Taking time to celebrate Older People
Wednesday, 25 September 2013
From tea and company and reminiscence groups to sessions on using the internet and tablets, events are being held at Libraries across Hampshire to celebrate this year's International Day of Older People. The theme of 'get connected' is also taken up by many of the County Council's voluntary sector partners who provide computer classes in the community.
Older People's Day on the 1 October celebrates the huge contribution that older people make to our society.
With the current over 75 population of 116,400 in Hampshire expected to increase by 13% by 2017 and by over 80% by 2030 it is important that older people are helped to live full lives. Hampshire County Council provides a number of services that focus on the health and wellbeing of older people, helping them to remain living independently at home with a positive quality of life.
The events being run in libraries on October 1 to mark this year's International Day of Older People are focusing on helping older people to learn new skills and to tackle social isolation some older people feel.
Many of the sessions are IT related. In the UK there are 7.1 million people who have never used the internet with people aged 75 and over making up 43% of this group. Linking people over 65 years to the internet and giving them core I.T skills can help address the issue of social isolation and loneliness.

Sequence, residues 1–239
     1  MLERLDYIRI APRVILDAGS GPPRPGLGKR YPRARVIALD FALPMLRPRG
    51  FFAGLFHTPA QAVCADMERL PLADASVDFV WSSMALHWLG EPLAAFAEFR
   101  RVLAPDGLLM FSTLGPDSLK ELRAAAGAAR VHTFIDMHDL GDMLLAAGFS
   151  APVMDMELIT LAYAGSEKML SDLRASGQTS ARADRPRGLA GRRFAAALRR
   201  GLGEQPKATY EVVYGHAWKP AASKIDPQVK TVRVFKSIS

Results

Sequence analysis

Anyone interested in attending one of the events or finding out where their nearest community computer class is running should phone Carers Together on 01794 519495 or visit the Older Persons day events listings.
Councillor Anna McNair Scott, Executive Member for Adult Social Care, said: "We should take time to celebrate the contribution older people have made and continue to make to society.
"Many older residents continue to help support the economy by working for longer or providing care and support for their grandchildren enabling parents to work. There are a wide range of older volunteers helping in their community perhaps by driving community transport or running groups sharing their experience and knowledge and providing vital social interaction.
"We need to support older residents to stay active and learn new skills to help improve their wellbeing, meaning they can continue to live lives full of vitality for as long as possible."